So why is measuring a laser over several seconds (compared to just the few seconds after the laser is turned on) important? Here are some examples to illustrate. Figures 2a and 2b show the average power measurements of two different CO2 lasers. The measurements were taken with an Ophir 10kW water-­cooled thermopile sensor sending data to a Juno USB device interfaced to a local laptop. You'll notice that the graph in Figure 2a shows a laser that ramps up in power, peaks at about 2.3kW and then starts to drift downward. It was thought that this laser had a damaged output coupler. Contrast that graph with the measurement illustrated in Figure 2b which shows a laser that ramps up to the power that was programmed and holds that power throughout the duration of the measurement.
Would a simple thermopile power measurement device giving one single number for the output of the laser's power show the problem with this laser?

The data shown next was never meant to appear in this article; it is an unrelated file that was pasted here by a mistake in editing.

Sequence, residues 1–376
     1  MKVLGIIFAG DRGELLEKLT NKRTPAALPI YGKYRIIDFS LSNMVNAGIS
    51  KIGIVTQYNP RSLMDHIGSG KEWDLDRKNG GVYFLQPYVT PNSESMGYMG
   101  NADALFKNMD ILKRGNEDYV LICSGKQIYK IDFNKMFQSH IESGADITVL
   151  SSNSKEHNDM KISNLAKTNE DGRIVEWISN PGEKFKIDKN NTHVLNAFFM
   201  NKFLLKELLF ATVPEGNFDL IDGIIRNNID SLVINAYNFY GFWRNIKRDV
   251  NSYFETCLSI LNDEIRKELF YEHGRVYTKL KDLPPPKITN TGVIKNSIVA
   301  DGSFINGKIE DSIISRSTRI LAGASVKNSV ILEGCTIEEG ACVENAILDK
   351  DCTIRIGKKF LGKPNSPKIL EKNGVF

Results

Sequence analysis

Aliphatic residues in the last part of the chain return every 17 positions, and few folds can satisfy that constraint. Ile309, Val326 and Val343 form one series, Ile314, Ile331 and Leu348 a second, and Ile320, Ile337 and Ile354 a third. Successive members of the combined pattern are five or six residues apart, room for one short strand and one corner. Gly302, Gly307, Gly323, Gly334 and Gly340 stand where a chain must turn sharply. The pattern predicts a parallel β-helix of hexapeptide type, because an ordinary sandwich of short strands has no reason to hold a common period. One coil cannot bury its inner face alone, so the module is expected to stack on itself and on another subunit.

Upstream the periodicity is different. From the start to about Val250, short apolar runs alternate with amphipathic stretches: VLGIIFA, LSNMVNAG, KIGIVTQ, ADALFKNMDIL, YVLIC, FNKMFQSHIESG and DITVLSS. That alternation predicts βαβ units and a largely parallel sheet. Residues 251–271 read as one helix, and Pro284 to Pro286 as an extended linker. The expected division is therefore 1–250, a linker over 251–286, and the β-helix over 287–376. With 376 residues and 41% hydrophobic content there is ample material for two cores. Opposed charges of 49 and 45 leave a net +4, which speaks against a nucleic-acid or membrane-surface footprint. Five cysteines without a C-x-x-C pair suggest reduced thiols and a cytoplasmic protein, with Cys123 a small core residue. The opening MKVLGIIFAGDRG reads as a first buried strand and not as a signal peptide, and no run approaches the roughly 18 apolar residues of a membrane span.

Figures 3a and 3b show the beam profiles of two different CO2 lasers. The profiles were taken with a Spiricon ModeCheck beam analyzer which analyzes the beam real-­‐time (with new data points 15 times per second!) and shows the beam profile from the beam-­‐on time to several seconds after the beam was turned on. Figure 3a illustrates a laser whose profile showed an off-­‐balance energy distribution in addition to a drastically increased beam diameter over the first few seconds (approximately 5 seconds) after the beam was turned on and stabilized into the beam shape similar to what is seen in the last frame.
Contrast that with the laser that is profiled in Figure 3b. This laser shows a balanced energy distribution and remains consistent from beam-­‐on time to several seconds laser.
Would an acrylic mode burn help diagnose the problem that the laser in Figure 3a is having?

Similar to someone trying to lose weight without using a scale, a laser user that does not include periodic laser measurements cannot fully understand how the laser system is behaving. And not fully understanding the performance of the laser system will ultimately result in the system's unnecessary loss of time and money.

Only through the application of modern-­‐day, real-­‐time laser measurement technologies can a laser user completely analyze their laser's performance and better maintain their laser system over the years. And this is the maintenance routine that is going to best protect one of your most valuable tools. Can you think of a better New Year's Resolution?